Message: 9503 - Contents - Hide Contents Date: Thu, 29 Jan 2004 22:01:11 Subject: Re: Maximum Error in TOP From: Kalle Aho --- In tuning-math@xxxxxxxxxxx.xxxx "Paul Erlich" <perlich@a...> wrote:> --- In tuning-math@xxxxxxxxxxx.xxxx "Kalle Aho" <kalleaho@m...> wrote: >> Hi! >>>> How do I get the maximum Tenney-weighted error in a TOP > temperament?>> Is it the same as the maximum weighted error of the primes > > Yes.Thanks, Paul. Can you explain why this is so? Kalle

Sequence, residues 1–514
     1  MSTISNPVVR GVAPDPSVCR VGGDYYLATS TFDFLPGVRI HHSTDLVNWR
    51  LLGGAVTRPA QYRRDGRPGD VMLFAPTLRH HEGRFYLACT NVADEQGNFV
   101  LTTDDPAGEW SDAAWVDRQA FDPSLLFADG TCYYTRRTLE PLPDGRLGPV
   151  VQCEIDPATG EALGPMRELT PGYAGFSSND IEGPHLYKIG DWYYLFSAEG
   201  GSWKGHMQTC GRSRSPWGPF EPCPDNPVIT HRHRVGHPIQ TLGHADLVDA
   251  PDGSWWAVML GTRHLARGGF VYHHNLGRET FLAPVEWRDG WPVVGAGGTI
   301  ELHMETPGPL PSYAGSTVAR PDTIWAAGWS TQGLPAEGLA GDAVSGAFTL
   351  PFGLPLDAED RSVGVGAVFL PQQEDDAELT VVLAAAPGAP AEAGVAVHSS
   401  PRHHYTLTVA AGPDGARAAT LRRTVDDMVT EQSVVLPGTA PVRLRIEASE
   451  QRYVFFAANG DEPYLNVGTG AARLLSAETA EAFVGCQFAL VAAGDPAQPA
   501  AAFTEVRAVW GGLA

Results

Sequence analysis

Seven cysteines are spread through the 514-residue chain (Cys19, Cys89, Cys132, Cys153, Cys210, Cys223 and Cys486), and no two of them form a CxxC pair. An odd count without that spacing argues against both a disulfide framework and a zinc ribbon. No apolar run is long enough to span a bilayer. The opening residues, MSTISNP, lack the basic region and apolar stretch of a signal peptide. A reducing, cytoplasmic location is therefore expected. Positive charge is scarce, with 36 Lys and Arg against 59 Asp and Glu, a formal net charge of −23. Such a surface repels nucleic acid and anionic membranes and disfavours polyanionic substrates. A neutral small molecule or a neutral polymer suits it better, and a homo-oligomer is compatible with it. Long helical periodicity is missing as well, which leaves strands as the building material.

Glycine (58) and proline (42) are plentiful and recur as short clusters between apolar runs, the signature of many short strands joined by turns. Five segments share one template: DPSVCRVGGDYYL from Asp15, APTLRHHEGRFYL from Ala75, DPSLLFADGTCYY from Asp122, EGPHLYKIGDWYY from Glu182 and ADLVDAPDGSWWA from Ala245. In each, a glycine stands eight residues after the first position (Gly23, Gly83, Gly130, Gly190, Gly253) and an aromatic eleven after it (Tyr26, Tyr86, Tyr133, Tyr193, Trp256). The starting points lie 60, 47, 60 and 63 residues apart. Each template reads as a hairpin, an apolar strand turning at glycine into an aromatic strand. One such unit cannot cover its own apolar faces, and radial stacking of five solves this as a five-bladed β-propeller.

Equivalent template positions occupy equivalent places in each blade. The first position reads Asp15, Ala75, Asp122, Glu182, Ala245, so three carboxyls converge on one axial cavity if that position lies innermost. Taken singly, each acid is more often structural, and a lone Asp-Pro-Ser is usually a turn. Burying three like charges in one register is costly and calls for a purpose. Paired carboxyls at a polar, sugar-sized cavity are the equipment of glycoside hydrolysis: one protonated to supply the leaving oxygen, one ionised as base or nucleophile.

Message: 9504 - Contents - Hide Contents Date: Thu, 29 Jan 2004 04:13:41 Subject: 60 for Dave (was: 41 "Hermanic" 7-limit linear temperaments) From: Paul Erlich --- In tuning-math@xxxxxxxxxxx.xxxx "Dave Keenan" <d.keenan@b...> wrote:> One might try > > k*sqrt(comp) + sqrt(err) < x > > for starters.All right, just for you . . . This time I'll insist Waage just makes it in despite its high complexity. Then k=1.75 gives the most inclusive cutoff which is still more stringent than Gene's, so culling that list will work again. Number 1 Meantone (Huygens) [1, 4, 10, 4, 13, 12] [[1, 2, 4, 7], [0, -1, -4, -10]] TOP tuning [1201.698521, 1899.262909, 2790.257556, 3370.548328] TOP generators [1201.698520, 504.1341314] bad: 4.6061 comp: 3.562072 err: 1.698521 Number 2 Magic [5, 1, 12, -10, 5, 25] [[1, 0, 2, -1], [0, 5, 1, 12]] TOP tuning [1201.276744, 1903.978592, 2783.349206, 3368.271877] TOP generators [1201.276744, 380.7957184] bad: 4.7480 comp: 4.274486 err: 1.276744 Number 3 Pajara [2, -4, -4, -11, -12, 2] [[2, 3, 5, 6], [0, 1, -2, -2]] TOP tuning [1196.893422, 1901.906680, 2779.100462, 3377.547174] TOP generators [598.4467109, 106.5665459] bad: 4.7881 comp: 2.988993 err: 3.106578 Number 4 Dominant Seventh [1, 4, -2, 4, -6, -16] [[1, 2, 4, 2], [0, -1, -4, 2]] TOP tuning [1195.228951, 1894.576888, 2797.391744, 3382.219933] TOP generators [1195.228951, 495.8810151] bad: 4.9260 comp: 2.454561 err: 4.771049 Number 5 Augmented [3, 0, 6, -7, 1, 14] [[3, 5, 7, 9], [0, -1, 0, -2]] TOP tuning [1199.976630, 1892.649878, 2799.945472, 3385.307546] TOP generators [399.9922103, 107.3111730] bad: 4.9876 comp: 2.147741 err: 5.870879 Number 6 Semisixths [7, 9, 13, -2, 1, 5] [[1, -1, -1, -2], [0, 7, 9, 13]] TOP tuning [1198.389531, 1903.732520, 2790.053107, 3364.304748] TOP generators [1198.389531, 443.1602931] bad: 5.0349 comp: 4.630693 err: 1.610469 Number 7 Schismic [1, -8, -14, -15, -25, -10] [[1, 2, -1, -3], [0, -1, 8, 14]] TOP tuning [1200.760625, 1903.401919, 2784.194017, 3371.388750] TOP generators [1200.760624, 498.1193303] bad: 5.1036 comp: 5.618543 err: .912904 Number 8 Injera [2, 8, 8, 8, 7, -4] [[2, 3, 4, 5], [0, 1, 4, 4]] TOP tuning [1201.777814, 1896.276546, 2777.994928, 3378.883835] TOP generators [600.8889070, 93.60982493] bad: 5.1411 comp: 3.445412 err: 3.582707 Number 9 Orwell [7, -3, 8, -21, -7, 27] [[1, 0, 3, 1], [0, 7, -3, 8]] TOP tuning [1199.532657, 1900.455530, 2784.117029, 3371.481834] TOP generators [1199.532657, 271.4936472] bad: 5.1530 comp: 5.706260 err: .946061 Number 10 Hemifourths [2, 8, 1, 8, -4, -20] [[1, 2, 4, 3], [0, -2, -8, -1]] TOP tuning [1203.668842, 1902.376967, 2794.832500, 3358.526166] TOP generators [1203.668841, 252.4803582] bad: 5.1637 comp: 3.445412 err: 3.668842 Number 11 Kleismic [6, 5, 3, -6, -12, -7] [[1, 0, 1, 2], [0, 6, 5, 3]] TOP tuning [1203.187308, 1907.006766, 2792.359613, 3359.878000] TOP generators [1203.187309, 317.8344609] bad: 5.1902 comp: 3.785579 err: 3.187309 Number 12 Negri [4, -3, 2, -14, -8, 13] [[1, 2, 2, 3], [0, -4, 3, -2]] TOP tuning [1203.187308, 1907.006766, 2780.900506, 3359.878000] TOP generators [1203.187309, 124.8419629] bad: 5.1986 comp: 3.804173 err: 3.187309 Number 13 Diminished [4, 4, 4, -3, -5, -2] [[4, 6, 9, 11], [0, 1, 1, 1]] TOP tuning [1194.128460, 1892.648830, 2788.245174, 3385.309404] TOP generators [298.5321149, 101.4561401] bad: 5.2032 comp: 2.523719 err: 5.871540 Number 14 Tripletone [3, 0, -6, -7, -18, -14] [[3, 5, 7, 8], [0, -1, 0, 2]] TOP tuning [1197.060039, 1902.640406, 2793.140092, 3377.079420] TOP generators [399.0200131, 92.45965769] bad: 5.2344 comp: 4.045351 err: 2.939961 Number 15 Blackwood [0, 5, 0, 8, 0, -14] [[5, 8, 12, 14], [0, 0, -1, 0]] TOP tuning [1195.893464, 1913.429542, 2786.313713, 3348.501698] TOP generators [239.1786927, 83.83059859] bad: 5.2708 comp: 2.173813 err: 7.239629 Number 16 Superpythagorean [1, 9, -2, 12, -6, -30] [[1, 2, 6, 2], [0, -1, -9, 2]] TOP tuning [1197.596121, 1905.765059, 2780.732078, 3374.046608] TOP generators [1197.596121, 489.4271829] bad: 5.3047 comp: 4.602303 err: 2.403879 Number 17 Miracle [6, -7, -2, -25, -20, 15] [[1, 1, 3, 3], [0, 6, -7, -2]] TOP tuning [1200.631014, 1900.954868, 2784.848544, 3368.451756] TOP generators [1200.631014, 116.7206423] bad: 5.3555 comp: 6.793166 err: .631014 Number 18 Porcupine [3, 5, -6, 1, -18, -28] [[1, 2, 3, 2], [0, -3, -5, 6]] TOP tuning [1196.905961, 1906.858938, 2779.129576, 3367.717888] TOP generators [1196.905960, 162.3176609] bad: 5.3860 comp: 4.295482 err: 3.094040 Number 19 Zeta Reticuli Trisex Porky [6, 10, 10, 2, -1, -5] [[2, 4, 6, 7], [0, -3, -5, -5]] TOP tuning [1196.893422, 1906.838962, 2779.100462, 3377.547174] TOP generators [598.4467109, 162.3159606] bad: 5.3943 comp: 4.306766 err: 3.106578 Number 20 Supermajor seconds [3, 12, -1, 12, -10, -36] [[1, 1, 0, 3], [0, 3, 12, -1]] TOP tuning [1201.698521, 1899.262909, 2790.257556, 3372.574099] TOP generators [1201.698520, 232.5214630] bad: 5.4159 comp: 5.522763 err: 1.698521 Number 21 Flattone [1, 4, -9, 4, -17, -32] [[1, 2, 4, -1], [0, -1, -4, 9]] TOP tuning [1202.536420, 1897.934872, 2781.593812, 3361.705278] TOP generators [1202.536419, 507.1379663] bad: 5.4700 comp: 4.909123 err: 2.536420 Number 22 Nonkleismic [10, 9, 7, -9, -17, -9] [[1, -1, 0, 1], [0, 10, 9, 7]] TOP tuning [1198.828458, 1900.098151, 2789.033948, 3368.077085] TOP generators [1198.828458, 309.8926610] bad: 5.4781 comp: 6.309298 err: 1.171542 Number 23 [6, 10, 3, 2, -12, -21] [[1, 2, 3, 3], [0, -6, -10, -3]] TOP tuning [1202.659696, 1907.471368, 2778.232381, 3359.055076] TOP generators [1202.659696, 82.97467050] bad: 5.4973 comp: 4.306766 err: 3.480440 Number 24 [0, 0, 12, 0, 19, 28] [[12, 19, 28, 34], [0, 0, 0, -1]] TOP tuning [1197.674070, 1896.317278, 2794.572829, 3368.825906] TOP generators [99.80617249, 24.58395811] bad: 5.5130 comp: 4.295482 err: 3.557008 Number 25 Decimal [4, 2, 2, -6, -8, -1] [[2, 4, 5, 6], [0, -2, -1, -1]] TOP tuning [1207.657798, 1914.092323, 2768.532858, 3372.361757] TOP generators [603.8288989, 250.6116362] bad: 5.5474 comp: 2.523719 err: 7.657798 Number 26 Quartaminorthirds [9, 5, -3, -13, -30, -21] [[1, 1, 2, 3], [0, 9, 5, -3]] TOP tuning [1199.792743, 1900.291122, 2788.751252, 3365.878770] TOP generators [1199.792743, 77.83315314] bad: 5.5686 comp: 6.742251 err: 1.049791 Number 27 [3, -7, -8, -18, -21, 1] [[1, 3, -1, -1], [0, -3, 7, 8]] TOP tuning [1202.900537, 1897.357759, 2790.235118, 3360.683070] TOP generators [1202.900537, 570.4479508] bad: 5.5734 comp: 4.891080 err: 2.900537 Number 28 [3, 12, 11, 12, 9, -8] [[1, 3, 8, 8], [0, -3, -12, -11]] TOP tuning [1202.624742, 1900.726787, 2792.408176, 3361.457323] TOP generators [1202.624742, 569.0491468] bad: 5.5985 comp: 5.168119 err: 2.624742 Number 29 Pelogic [1, -3, -4, -7, -9, -1] [[1, 2, 1, 1], [0, -1, 3, 4]] TOP tuning [1209.734056, 1886.526887, 2808.557731, 3341.498957] TOP generators [1209.734056, 532.9412251] bad: 5.6088 comp: 2.022675 err: 9.734056 Number 30 Dicot [2, 1, 6, -3, 4, 11] [[1, 1, 2, 1], [0, 2, 1, 6]] TOP tuning [1204.048158, 1916.847810, 2764.496143, 3342.447113] TOP generators [1204.048159, 356.3998255] bad: 5.6237 comp: 2.137243 err: 9.396316 Number 31 [5, 8, 2, 1, -11, -18] [[1, 2, 3, 3], [0, -5, -8, -2]] TOP tuning [1194.335372, 1892.976778, 2789.895770, 3384.728528] TOP generators [1194.335372, 99.13879319] bad: 5.6284 comp: 3.445412 err: 5.664628 Number 32 Catakleismic [6, 5, 22, -6, 18, 37] [[1, 0, 1, -3], [0, 6, 5, 22]] TOP tuning [1200.536356, 1901.438376, 2785.068335, 3370.331646] TOP generators [1200.536355, 316.9063960] bad: 5.6313 comp: 7.836558 err: .536356 Number 33 [3, -5, -6, -15, -18, 0] [[1, 3, 0, 0], [0, -3, 5, 6]] TOP tuning [1195.486066, 1908.381352, 2796.794743, 3356.153692] TOP generators [1195.486066, 559.3589487] bad: 5.6577 comp: 4.075900 err: 4.513934 Number 34 [8, 1, 18, -17, 6, 39] [[1, -1, 2, -3], [0, 8, 1, 18]] TOP tuning [1201.135544, 1899.537544, 2789.855225, 3373.107814] TOP generators [1201.135545, 387.5841360] bad: 5.6663 comp: 6.411729 err: 1.525246 Number 35 Beatles [2, -9, -4, -19, -12, 16] [[1, 1, 5, 4], [0, 2, -9, -4]] TOP tuning [1197.104145, 1906.544822, 2793.037680, 3369.535226] TOP generators [1197.104145, 354.7203384] bad: 5.6780 comp: 5.162806 err: 2.895855 Number 36 Formerly Number 82 [6, -2, -2, -17, -20, 1] [[2, 2, 5, 6], [0, 3, -1, -1]] TOP tuning [1203.400986, 1896.025764, 2777.627538, 3379.328030] TOP generators [601.7004928, 230.8749260] bad: 5.6954 comp: 4.619353 err: 3.740932 Number 37 [3, 5, 9, 1, 6, 7] [[1, 2, 3, 4], [0, -3, -5, -9]] TOP tuning [1193.415676, 1912.390908, 2789.512955, 3350.341372] TOP generators [1193.415676, 158.1468146] bad: 5.6994 comp: 3.205865 err: 6.584324 Number 38 [3, 0, 9, -7, 6, 21] [[3, 5, 7, 9], [0, -1, 0, -3]] TOP tuning [1193.415676, 1912.390908, 2784.636577, 3350.341372] TOP generators [397.8052253, 76.63521863] bad: 5.7070 comp: 3.221612 err: 6.584324 Number 39 {28/27, 50/49} [2, 6, 6, 5, 4, -3] [[2, 3, 4, 5], [0, 1, 3, 3]] TOP tuning [1191.599639, 1915.269258, 2766.808679, 3362.608498] TOP generators [595.7998193, 127.8698005] bad: 5.7115 comp: 2.584059 err: 8.400361 Number 40 [6, 0, 3, -14, -12, 7] [[3, 4, 7, 8], [0, 2, 0, 1]] TOP tuning [1199.400031, 1910.341746, 2798.600074, 3353.970936] TOP generators [399.8000105, 155.5708520] bad: 5.7136 comp: 3.804173 err: 5.291448 Number 41 Superkleismic [9, 10, -3, -5, -30, -35] [[1, 4, 5, 2], [0, -9, -10, 3]] TOP tuning [1201.371917, 1904.129438, 2783.128219, 3369.863245] TOP generators [1201.371918, 322.3731369] bad: 5.7153 comp: 6.742251 err: 1.371918 Number 42 [8, 6, 6, -9, -13, -3] [[2, 5, 6, 7], [0, -4, -3, -3]] TOP tuning [1198.553882, 1907.135354, 2778.724633, 3378.001574] TOP generators [599.2769413, 272.3123381] bad: 5.7395 comp: 5.047438 err: 3.268439 Number 43 Diaschismic [2, -4, -16, -11, -31, -26] [[2, 3, 5, 7], [0, 1, -2, -8]] TOP tuning [1198.732403, 1901.885616, 2789.256983, 3365.267311] TOP generators [599.3662015, 103.7870123] bad: 5.7450 comp: 6.966993 err: 1.267597 Number 44 Beep [2, 3, 1, 0, -4, -6] [[1, 2, 3, 3], [0, -2, -3, -1]] TOP tuning [1194.642673, 1879.486406, 2819.229610, 3329.028548] TOP generators [1194.642673, 254.8994697] bad: 5.7543 comp: 1.292030 err: 14.176105 Number 45 [1, -8, -2, -15, -6, 18] [[1, 2, -1, 2], [0, -1, 8, 2]] TOP tuning [1195.155395, 1894.070902, 2774.763716, 3382.790568] TOP generators [1195.155395, 496.2398890] bad: 5.7634 comp: 4.075900 err: 4.974313 Number 46 [6, 0, 15, -14, 7, 35] [[3, 5, 7, 9], [0, -2, 0, -5]] TOP tuning [1197.060039, 1902.856975, 2793.140092, 3360.572393] TOP generators [399.0200131, 46.12154491] bad: 5.7697 comp: 5.369353 err: 2.939961 Number 47 [6, 0, 0, -14, -17, 0] [[6, 10, 14, 17], [0, -1, 0, 0]] TOP tuning [1194.473353, 1901.955001, 2787.104490, 3384.341166] TOP generators [199.0788921, 88.83392059] bad: 5.7715 comp: 3.820609 err: 5.526647 Number 48 [0, 12, 12, 19, 19, -6] [[12, 19, 28, 34], [0, 0, -1, -1]] TOP tuning [1198.015473, 1896.857833, 2778.846497, 3377.854234] TOP generators [99.83462277, 16.52294019] bad: 5.7717 comp: 5.168119 err: 3.215955 Number 49 Supersupermajor [3, 17, -1, 20, -10, -50] [[1, 1, -1, 3], [0, 3, 17, -1]] TOP tuning [1200.231588, 1903.372996, 2784.236389, 3366.314293] TOP generators [1200.231587, 234.3804692] bad: 5.7926 comp: 7.670504 err: .894655 Number 50 [11, 13, 17, -5, -4, 3] [[1, 3, 4, 5], [0, -11, -13, -17]] TOP tuning [1198.514750, 1899.600936, 2789.762356, 3371.570447] TOP generators [1198.514750, 154.1766650] bad: 5.8290 comp: 6.940227 err: 1.485250 Number 51 {1728/1715, 4000/3993} [11, 18, 5, 3, -23, -39] [[1, 2, 3, 3], [0, -11, -18, -5]] TOP tuning [1199.083445, 1901.293958, 2784.185538, 3371.399002] TOP generators [1199.083445, 45.17026643] bad: 5.8298 comp: 7.752178 err: .916555 Number 52 {25/24, 81/80} Jamesbond? [0, 0, 7, 0, 11, 16] [[7, 11, 16, 20], [0, 0, 0, -1]] TOP tuning [1209.431411, 1900.535075, 2764.414655, 3368.825906] TOP generators [172.7759159, 86.69241190] bad: 5.8344 comp: 2.493450 err: 9.431411 Number 53 [5, 3, 7, -7, -3, 8] [[1, 1, 2, 2], [0, 5, 3, 7]] TOP tuning [1192.540126, 1890.131381, 2803.635005, 3361.708008] TOP generators [1192.540126, 139.5182509] bad: 5.8395 comp: 3.154649 err: 7.459874 Number 54 [9, -2, 14, -24, -3, 38] [[1, 3, 2, 5], [0, -9, 2, -14]] TOP tuning [1201.918556, 1904.657347, 2781.858962, 3363.439837] TOP generators [1201.918557, 189.0109248] bad: 5.8541 comp: 6.521440 err: 1.918557 Number 55 Octacot [8, 18, 11, 10, -5, -25] [[1, 1, 1, 2], [0, 8, 18, 11]] TOP tuning [1199.031259, 1903.490418, 2784.064367, 3366.693863] TOP generators [1199.031259, 88.05739491] bad: 5.8567 comp: 7.752178 err: .968741 Number 56 Wizard [12, -2, 20, -31, -2, 52] [[2, 1, 5, 2], [0, 6, -1, 10]] TOP tuning [1200.639571, 1900.941305, 2784.828674, 3368.342104] TOP generators [600.3197857, 216.7702531] bad: 5.8788 comp: 8.423526 err: .639571 Number 57 [9, 0, 9, -21, -11, 21] [[9, 14, 21, 25], [0, 1, 0, 1]] TOP tuning [1197.060039, 1897.499011, 2793.140092, 3360.572393] TOP generators [133.0066710, 35.40561749] bad: 5.8950 comp: 5.706260 err: 2.939961 Number 58 Squares [4, 16, 9, 16, 3, -24] [[1, 3, 8, 6], [0, -4, -16, -9]] TOP tuning [1201.698521, 1899.262909, 2790.257556, 3372.067656] TOP generators [1201.698520, 426.4581630] bad: 5.8971 comp: 6.890825 err: 1.698521 Number 59 [2, 1, -4, -3, -12, -12] [[1, 1, 2, 4], [0, 2, 1, -4]] TOP tuning [1204.567524, 1916.451342, 2765.076958, 3394.502460] TOP generators [1204.567524, 355.9419091] bad: 5.8982 comp: 2.696901 err: 9.146173 Number 60 Waage [0, 12, 24, 19, 38, 22] [[12, 19, 28, 34], [0, 0, -1, -2]] TOP tuning [1200.617051, 1900.976998, 2785.844725, 3370.558188] TOP generators [100.0514209, 16.55882096] bad: 5.9023 comp: 8.548972 err: .617051> I'd really like to see these on a chart.I think Gene may be using the wrong norm to get his complexity values. I'll wait until I'm sure they're right or corrected.